Give us this day our daily bread.

Give comfort to the grieving. Give safety to the innocent. Give hope to the hopeless. Give us judges and prosecutors and juries that are fair. Give us good laws, wise procedures, and politicians better than we deserve. Be a rock and a refuge to those who are scared or suffering. Help the weak to find their strength in you. Help the strong to see their need. Help sinners find the only Savior.

And forgive us our debts, as we forgive our debtors.

As your people, may we never forget all we have been forgiven. No crime against us is worse than the crimes we have committed against you. Make us slow to anger and abounding in steadfast love. Forgive us when we fight with the weapons of the world. Forgive us for not weeping with those who weep. Forgive us for judging others with a measure we do not use to judge ourselves. Forgive us for speaking when we should be silent and being silent when we should speak. Forgive us for being hard-hearted and dim-witted. Forgive us for loving our comfort more than our neighbor. Forgive us for being too often indifferent to injustice in our world and unrighteousness in our lives.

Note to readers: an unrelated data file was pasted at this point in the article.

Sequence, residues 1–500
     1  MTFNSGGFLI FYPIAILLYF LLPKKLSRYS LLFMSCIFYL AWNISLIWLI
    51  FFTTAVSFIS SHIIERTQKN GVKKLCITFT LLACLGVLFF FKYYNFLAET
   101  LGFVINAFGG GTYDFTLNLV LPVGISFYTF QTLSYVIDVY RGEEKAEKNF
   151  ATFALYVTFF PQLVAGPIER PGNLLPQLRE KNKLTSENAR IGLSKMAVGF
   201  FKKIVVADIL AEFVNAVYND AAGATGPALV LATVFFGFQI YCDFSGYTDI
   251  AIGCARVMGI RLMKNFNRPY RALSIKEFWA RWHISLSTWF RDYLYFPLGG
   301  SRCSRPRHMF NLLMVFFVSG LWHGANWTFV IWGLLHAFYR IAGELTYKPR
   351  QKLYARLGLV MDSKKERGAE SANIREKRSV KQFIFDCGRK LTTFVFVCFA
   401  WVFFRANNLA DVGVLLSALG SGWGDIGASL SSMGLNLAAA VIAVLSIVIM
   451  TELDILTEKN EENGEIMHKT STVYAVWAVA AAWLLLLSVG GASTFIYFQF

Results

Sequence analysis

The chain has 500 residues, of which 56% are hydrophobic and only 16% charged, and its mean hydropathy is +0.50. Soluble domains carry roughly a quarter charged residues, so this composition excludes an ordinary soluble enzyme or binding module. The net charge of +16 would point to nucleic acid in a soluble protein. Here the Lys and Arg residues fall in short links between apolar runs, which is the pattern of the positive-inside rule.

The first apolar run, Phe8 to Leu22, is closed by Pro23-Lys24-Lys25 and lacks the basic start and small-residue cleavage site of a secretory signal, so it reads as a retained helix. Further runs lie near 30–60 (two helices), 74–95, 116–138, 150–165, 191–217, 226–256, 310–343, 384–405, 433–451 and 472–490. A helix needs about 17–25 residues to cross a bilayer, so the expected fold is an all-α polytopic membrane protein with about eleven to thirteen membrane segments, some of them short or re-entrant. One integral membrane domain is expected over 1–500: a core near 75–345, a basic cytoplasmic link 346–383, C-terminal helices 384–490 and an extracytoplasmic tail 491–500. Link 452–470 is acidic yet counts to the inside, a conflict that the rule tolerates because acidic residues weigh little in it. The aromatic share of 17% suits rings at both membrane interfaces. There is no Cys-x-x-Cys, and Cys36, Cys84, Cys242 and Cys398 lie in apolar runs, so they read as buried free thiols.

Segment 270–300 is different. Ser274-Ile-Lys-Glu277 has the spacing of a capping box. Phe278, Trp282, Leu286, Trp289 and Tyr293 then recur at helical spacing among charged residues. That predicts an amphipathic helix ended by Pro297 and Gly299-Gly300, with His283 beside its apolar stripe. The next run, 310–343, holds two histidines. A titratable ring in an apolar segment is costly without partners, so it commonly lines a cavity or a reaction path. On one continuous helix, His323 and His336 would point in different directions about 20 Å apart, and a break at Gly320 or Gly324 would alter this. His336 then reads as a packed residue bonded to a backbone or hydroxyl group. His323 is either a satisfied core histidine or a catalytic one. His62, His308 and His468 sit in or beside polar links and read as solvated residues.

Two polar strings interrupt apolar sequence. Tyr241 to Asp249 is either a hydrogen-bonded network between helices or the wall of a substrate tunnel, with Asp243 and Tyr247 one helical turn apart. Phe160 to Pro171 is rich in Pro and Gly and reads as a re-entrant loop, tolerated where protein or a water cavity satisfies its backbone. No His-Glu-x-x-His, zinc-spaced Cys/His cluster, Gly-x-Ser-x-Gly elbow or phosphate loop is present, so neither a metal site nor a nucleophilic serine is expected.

Lead us not into temptation, but deliver us from evil.

Help, O Lord. We are tempted to despair, tempted to cynicism, tempted to bitterness, tempted to give up, tempted to assume the worst about our brothers and sisters, tempted to let commentators and cable news networks tell us what is real. We are sorry for the times we have been unthinking, unfeeling, and unsympathetic. We are sorry for the times we have rushed to judgment. We are sorry for self-righteous grandstanding and self-serving stereotypes. Deliver us from the evils of lawlessness and lovelessness.